IShares is to expand the reporting of its securities lending business, allowing investors an insight into a vital activity in global capital markets that remains largely unreported.
The world’s largest ETF manager is to provide regular quarterly updates that will illustrate the key risk parameters for its securities lending activities.
It will also provide some details about the revenues that its exchange traded funds generate from market participants who want to bet that an asset will fall in price.
Securities lending activity has remained extremely opaque even though the market is vast.
A pool of more than $11,000bn of assets is available for securities lending globally with over $1,900bn of assets out on loan every day, according to Data Explorers, the specialist provider of securities financing data.
Asset managers, such as iShares, use securities lending to generate extra revenues by lending out equities or other securities to other institutions who can then use them for hedging or for short-selling.
“Securities lending and short-selling are vital components of well functioning capital markets,” said Stefan Kaiser, director at iShares “It improves liquidity, allows investors to express negative views, helps to prevent asset bubbles and is an important risk-hedging tool.”
The new report shows how revenues from securities lending by iShares are split, with 60 per cent being paid directly to the ETF and 40 per cent being taken by BlackRock, the owner of iShares.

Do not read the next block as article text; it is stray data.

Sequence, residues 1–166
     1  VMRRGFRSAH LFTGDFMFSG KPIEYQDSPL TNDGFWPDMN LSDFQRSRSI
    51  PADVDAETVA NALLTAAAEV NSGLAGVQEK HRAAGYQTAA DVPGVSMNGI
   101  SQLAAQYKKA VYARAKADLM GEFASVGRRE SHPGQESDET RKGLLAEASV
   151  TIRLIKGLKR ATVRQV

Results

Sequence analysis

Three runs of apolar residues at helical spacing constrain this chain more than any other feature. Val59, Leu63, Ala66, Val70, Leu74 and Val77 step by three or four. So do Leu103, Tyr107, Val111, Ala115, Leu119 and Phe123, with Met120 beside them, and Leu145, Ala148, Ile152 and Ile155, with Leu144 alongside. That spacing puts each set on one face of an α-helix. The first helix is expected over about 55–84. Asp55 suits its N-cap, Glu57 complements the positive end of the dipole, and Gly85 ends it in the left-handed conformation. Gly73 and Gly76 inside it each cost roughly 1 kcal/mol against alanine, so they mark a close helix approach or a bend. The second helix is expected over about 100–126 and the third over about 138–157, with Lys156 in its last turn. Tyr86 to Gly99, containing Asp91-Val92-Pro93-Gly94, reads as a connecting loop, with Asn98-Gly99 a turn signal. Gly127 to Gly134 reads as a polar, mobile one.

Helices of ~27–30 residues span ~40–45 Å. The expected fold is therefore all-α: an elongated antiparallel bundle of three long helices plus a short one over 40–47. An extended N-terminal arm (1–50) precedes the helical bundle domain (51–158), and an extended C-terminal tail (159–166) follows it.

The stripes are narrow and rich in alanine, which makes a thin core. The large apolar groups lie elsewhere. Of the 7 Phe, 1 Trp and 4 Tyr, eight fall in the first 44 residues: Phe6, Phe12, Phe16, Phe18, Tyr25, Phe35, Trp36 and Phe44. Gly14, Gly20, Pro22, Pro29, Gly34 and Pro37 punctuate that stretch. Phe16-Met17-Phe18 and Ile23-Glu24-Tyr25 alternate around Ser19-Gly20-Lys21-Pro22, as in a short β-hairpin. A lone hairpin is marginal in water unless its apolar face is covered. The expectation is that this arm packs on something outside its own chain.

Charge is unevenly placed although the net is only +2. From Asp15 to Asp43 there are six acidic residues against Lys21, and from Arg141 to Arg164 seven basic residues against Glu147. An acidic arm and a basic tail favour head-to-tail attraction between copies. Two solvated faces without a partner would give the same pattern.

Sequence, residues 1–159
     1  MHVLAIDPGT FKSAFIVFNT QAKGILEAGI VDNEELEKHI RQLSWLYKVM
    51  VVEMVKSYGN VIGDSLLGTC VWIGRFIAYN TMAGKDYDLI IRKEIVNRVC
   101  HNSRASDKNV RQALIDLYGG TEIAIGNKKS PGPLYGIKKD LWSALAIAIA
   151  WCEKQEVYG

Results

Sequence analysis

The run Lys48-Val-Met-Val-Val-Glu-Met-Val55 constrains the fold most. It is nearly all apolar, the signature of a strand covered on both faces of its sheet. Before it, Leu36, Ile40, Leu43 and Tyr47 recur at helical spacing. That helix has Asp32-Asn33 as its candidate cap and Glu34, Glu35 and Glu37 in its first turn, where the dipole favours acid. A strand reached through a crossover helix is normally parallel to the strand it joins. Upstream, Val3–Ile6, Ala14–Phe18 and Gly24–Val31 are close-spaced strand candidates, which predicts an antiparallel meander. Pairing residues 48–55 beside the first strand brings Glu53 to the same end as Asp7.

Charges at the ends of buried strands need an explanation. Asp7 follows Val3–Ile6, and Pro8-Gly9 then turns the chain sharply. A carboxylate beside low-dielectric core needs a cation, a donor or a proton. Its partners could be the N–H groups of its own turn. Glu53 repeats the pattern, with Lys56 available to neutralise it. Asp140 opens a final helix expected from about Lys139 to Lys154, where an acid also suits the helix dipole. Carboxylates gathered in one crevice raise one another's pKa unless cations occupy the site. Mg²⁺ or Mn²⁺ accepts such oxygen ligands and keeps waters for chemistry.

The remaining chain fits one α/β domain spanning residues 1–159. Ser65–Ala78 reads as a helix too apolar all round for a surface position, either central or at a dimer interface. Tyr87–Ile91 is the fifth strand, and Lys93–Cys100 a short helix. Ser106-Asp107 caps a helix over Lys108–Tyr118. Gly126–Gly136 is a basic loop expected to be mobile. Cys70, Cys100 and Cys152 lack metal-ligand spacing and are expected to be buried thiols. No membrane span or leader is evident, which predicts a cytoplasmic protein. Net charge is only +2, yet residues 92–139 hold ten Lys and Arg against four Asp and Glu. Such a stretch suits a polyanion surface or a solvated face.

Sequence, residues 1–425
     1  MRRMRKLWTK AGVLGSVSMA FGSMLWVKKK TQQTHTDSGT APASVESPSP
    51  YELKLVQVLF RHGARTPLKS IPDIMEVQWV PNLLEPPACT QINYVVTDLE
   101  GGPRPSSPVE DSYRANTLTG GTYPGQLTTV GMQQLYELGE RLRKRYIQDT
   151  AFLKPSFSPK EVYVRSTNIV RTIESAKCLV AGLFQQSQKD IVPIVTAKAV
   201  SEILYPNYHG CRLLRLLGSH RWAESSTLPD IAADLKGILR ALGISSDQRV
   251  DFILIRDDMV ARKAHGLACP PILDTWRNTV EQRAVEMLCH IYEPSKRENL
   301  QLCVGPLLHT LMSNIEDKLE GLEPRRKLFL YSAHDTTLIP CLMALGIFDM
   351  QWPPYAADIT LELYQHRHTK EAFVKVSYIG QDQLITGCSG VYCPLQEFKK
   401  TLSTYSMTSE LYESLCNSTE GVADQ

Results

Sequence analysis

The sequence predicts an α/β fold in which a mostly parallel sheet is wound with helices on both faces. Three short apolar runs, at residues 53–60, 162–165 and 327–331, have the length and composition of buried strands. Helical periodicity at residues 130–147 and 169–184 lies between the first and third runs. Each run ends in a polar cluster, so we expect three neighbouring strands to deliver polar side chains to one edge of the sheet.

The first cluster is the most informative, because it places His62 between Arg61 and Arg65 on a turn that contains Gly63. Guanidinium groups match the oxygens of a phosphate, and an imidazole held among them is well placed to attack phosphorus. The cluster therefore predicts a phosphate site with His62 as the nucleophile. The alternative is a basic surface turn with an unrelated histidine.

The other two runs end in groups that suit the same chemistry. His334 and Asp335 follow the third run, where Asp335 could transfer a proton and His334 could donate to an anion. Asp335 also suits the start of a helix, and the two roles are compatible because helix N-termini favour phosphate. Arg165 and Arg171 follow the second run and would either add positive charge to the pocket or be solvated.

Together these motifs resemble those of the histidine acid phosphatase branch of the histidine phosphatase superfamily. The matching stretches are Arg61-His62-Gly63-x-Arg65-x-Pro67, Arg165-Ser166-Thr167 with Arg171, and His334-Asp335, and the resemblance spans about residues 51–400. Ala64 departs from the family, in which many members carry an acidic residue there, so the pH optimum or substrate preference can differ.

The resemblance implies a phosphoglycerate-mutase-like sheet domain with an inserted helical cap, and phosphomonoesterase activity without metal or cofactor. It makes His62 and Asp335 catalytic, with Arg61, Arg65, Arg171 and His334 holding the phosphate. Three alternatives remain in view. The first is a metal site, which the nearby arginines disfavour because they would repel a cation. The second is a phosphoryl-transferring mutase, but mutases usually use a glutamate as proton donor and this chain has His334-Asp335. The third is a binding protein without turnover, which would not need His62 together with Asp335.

Up to 95 per cent of the net asset value of an ETF can be lent out but iShares’ average loan levels are significantly lower.
So the iShares EURO STOXX 50 ETF (one of the largest in Europe with assets of $5bn at the end of 2010) had an average of 11 per cent and a maximum of 50 per cent of its assets out on loan in the year to September 30.
That lending activity helped the iShares EURO STOXX 50 ETF earn revenues of 28 basis points over that period.
In monetary terms, this ETF generated around $14m in revenue from securities lending.
The new report shows that only 14 iShares ETFs earned meaningful amounts from stock lending, of 15 basis points or more, in the year to September 30.
The biggest earning fund was iShares MSCI Turkey, which generated 93 basis points from securities lending. It had an average of 37 per cent of its assets out on loan, rising to a maximum of 82 per cent, in the year to September 30.
Securities lending activity has attracted greater scrutiny since the financial crisis as the implosion of Lehman Brothers in 2008 led to heightened concerns about counterparty risk.
One of the key risks with securities lending is that a borrower (counterparty) could default on its commitment to return borrowed securities and the value of any collateral might fail to cover the cost of repurchasing the assets lent out.
In order to mitigate this risk, BlackRock has a risk & quantitative analysis (RQA) group that operates independently of the securities lending business.
The job of the RQA group is to select creditworthy borrowers and to determine collateral parameters (how much to ask for as security and to decide how it should be made up from stocks, bonds and other instruments).
Collateral values range between 102.5 per cent and 112 per cent of the value of the loan and both are marked to market daily.
The RQA groups reviews levels of over collateralisation regularly and can increase collateral requirements if markets become more volatile.
The biggest borrowers of assets from iShares are the big investment banks such as Barclays, Citigroup, Credit Suisse, Deutsche Bank and Goldman Sachs.
However, they are not necessarily the end users of the borrowed securities as the investment banks may also lend on these assets to their own clients such as hedge funds.
The new report from iShares could lead to more pressure on swap-based ETF providers to disclose how they benefit from securities lending.
Currently swap-based ETF providers reveal no details as securities lending is carried out by their parent investment bank.